Another cycle analyst is Ray Merriman www.mmacycles.com. Merriman has postulated that gold may have a 25-year cycle. His observations are based on limited free market trading data for gold that only began in 1971. According to Merriman the 25 year cycle bottomed in 1976 and then again in 2001 (25 years later).  Using the 2001 bottom the next 25 year cycle is not due to bottom until 2026 +/- 5 years.


Merriman noted that he believed the 25-year cycle broke into either two 12.5-year cycles or three 8.33-year cycles. After 1976, gold had distinct bottoms in 1985, 1993 then again in 2001. All fit well with 8.33-year cycles. If 2001 signaled the beginning of a new 25-year cycle then the first 8.33-year cycle low came in 2008. The next one is due February 2017 +/- 17 months. That period begins around September to November 2015. If the 8.33-year cycle low occurs early then a major low could be seen as early as late 2015. These cycles overlap with the Dewey Dakin model.


The 1970’s bull market broke down starting around April 1984 when it broke its long-term uptrend line from the 1971 low. That signaled the end of the 1970’s bull market. Gold never took out its 1980 nominal high until 2008. On an inflation-adjusted basis, gold still has not taken out its 1980 high. That inflation adjusted high is now just above $2,700. The bull market that got underway in 2001 has still not broken down under two major uptrend lines.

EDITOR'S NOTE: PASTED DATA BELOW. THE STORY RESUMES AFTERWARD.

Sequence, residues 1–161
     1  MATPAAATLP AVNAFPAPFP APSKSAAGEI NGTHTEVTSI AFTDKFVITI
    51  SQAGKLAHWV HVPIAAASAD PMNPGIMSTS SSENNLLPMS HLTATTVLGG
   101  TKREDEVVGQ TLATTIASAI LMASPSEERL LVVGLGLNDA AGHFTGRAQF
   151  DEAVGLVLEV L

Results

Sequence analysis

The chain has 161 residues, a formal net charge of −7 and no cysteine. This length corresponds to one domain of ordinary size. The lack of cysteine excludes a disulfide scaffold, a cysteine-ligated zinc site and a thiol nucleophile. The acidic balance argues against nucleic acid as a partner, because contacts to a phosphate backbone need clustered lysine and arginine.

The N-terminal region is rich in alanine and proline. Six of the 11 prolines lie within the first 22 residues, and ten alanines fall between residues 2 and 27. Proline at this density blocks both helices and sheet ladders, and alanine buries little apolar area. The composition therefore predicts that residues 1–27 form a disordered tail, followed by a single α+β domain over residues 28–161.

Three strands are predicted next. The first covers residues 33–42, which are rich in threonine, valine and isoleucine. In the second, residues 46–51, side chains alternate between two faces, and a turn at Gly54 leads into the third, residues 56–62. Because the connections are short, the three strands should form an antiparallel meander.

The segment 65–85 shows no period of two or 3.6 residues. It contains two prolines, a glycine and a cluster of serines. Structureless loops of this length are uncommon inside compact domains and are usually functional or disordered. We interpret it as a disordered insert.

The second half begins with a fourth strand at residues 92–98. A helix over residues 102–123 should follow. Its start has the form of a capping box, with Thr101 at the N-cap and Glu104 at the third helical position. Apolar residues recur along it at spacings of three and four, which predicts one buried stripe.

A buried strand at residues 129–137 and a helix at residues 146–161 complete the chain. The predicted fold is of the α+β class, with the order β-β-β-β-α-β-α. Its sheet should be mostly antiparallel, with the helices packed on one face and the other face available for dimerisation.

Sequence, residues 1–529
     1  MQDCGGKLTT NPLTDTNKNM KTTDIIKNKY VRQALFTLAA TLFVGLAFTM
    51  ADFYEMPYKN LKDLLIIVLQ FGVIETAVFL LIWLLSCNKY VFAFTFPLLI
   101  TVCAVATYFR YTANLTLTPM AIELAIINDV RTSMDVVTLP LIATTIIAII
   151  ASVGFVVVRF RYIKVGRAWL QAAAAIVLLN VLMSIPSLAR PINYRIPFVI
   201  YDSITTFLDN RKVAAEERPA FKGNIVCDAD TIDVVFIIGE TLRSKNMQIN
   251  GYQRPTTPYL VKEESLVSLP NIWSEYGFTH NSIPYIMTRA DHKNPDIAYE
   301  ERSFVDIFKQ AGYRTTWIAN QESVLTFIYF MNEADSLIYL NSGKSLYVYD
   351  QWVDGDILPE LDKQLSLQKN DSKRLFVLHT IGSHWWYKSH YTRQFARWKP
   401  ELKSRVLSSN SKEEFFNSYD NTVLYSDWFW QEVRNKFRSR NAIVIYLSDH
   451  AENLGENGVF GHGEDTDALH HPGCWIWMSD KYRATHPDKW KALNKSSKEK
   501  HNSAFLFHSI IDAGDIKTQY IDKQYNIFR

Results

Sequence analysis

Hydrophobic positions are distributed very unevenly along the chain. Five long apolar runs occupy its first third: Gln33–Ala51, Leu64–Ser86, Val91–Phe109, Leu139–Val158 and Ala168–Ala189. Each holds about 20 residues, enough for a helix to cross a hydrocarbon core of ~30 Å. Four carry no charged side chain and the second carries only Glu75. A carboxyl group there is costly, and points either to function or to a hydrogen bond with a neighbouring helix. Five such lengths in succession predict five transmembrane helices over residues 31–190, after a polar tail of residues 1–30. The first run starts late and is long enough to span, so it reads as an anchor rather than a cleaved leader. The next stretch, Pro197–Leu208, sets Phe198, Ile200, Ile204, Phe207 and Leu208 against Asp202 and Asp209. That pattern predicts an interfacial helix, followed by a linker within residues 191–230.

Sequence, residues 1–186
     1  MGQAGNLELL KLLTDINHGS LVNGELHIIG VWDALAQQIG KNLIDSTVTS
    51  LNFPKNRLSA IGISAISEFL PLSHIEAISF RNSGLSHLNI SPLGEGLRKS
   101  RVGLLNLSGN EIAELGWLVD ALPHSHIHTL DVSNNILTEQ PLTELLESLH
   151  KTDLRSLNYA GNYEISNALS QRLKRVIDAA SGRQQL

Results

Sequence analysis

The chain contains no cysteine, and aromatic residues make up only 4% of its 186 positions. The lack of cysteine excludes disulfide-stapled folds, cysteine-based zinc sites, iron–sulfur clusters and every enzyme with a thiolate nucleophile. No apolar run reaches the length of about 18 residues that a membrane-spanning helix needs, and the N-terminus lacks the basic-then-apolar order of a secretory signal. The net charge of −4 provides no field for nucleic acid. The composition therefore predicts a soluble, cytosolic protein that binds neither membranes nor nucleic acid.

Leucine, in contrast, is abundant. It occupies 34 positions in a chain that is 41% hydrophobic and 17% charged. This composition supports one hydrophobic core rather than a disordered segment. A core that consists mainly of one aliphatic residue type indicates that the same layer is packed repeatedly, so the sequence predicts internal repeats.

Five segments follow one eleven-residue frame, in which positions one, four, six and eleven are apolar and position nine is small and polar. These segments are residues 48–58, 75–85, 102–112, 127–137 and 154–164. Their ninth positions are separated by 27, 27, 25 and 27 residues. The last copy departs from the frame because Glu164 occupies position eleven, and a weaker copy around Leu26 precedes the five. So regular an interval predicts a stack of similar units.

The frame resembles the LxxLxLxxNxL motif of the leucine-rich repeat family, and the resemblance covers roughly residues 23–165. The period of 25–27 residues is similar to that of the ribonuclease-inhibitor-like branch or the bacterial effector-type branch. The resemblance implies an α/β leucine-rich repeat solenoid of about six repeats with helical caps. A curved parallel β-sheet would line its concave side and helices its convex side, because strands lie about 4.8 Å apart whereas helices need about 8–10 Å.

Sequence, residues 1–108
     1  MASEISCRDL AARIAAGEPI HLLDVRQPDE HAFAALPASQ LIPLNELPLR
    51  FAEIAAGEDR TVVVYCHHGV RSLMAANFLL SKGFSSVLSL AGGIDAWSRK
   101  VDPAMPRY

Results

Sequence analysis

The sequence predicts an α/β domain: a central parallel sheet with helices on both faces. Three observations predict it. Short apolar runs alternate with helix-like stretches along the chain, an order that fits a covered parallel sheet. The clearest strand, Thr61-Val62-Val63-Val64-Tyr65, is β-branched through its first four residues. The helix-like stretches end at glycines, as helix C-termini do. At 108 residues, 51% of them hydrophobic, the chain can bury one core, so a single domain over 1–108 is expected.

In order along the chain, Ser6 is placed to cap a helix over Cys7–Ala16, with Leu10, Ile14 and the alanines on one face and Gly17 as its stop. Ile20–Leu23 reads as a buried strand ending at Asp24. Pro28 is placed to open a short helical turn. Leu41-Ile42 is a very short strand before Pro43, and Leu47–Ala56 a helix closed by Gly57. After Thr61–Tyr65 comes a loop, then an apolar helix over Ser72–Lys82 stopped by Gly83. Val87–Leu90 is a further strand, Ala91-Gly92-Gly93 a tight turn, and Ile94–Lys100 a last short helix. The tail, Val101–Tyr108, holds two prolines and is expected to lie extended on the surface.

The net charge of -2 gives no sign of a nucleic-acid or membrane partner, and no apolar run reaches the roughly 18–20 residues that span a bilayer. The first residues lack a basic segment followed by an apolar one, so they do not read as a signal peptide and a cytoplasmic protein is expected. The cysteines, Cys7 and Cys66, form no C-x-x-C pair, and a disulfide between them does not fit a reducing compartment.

The 1996-2015 chart shows two major uptrend lines. One comes from the 2001 low while a steeper uptrend line comes from the 2003 low. Another steep uptrend line would have occurred from 2004 (line not shown). The steep line broke when gold broke down in April 2013. But the second and possibly more important uptrend line remains intact. That line intersects with the $875 1980 horizontal line. If the 8.33-year cycle occurs as is expected a test of that line may mark that important low. If the line were to break, however, it would most likely signal that gold has entered a long-term bear market.


The Dewey Dakin model suggests that commodities could be making a half cycle low within the context of a long term bull cycle for commodities that is not due to top until 2033. The Merriman model suggests that an 8.33 year cycle is due starting sometime after September 2015 but could be as late as July 2018. If Merriman’s model and the Dewey Dakin model are lining up then a major low could be seen any time after September 2015. The uptrend line from 2003 could be a magnet. As well, the 1980 gold high could also act as a magnet. Could the final low come in anywhere around $900-$1000 and be seen in late 2015?


It is possible. Gold continues to appear that it is currently trying to make a corrective rally. Once that peak is seen expected anywhere from May to August 2015, a sharp decline could follow into a possible significant cycle low. Once that low has been made, the next phase of the bull market could get underway. Whether the analysts who believe the current decline is similar to the 1974-1976 decline is moot. Longer-term cycles are suggesting that the commodity bull market and by extension gold’s bull market has considerable further to go before it is finished.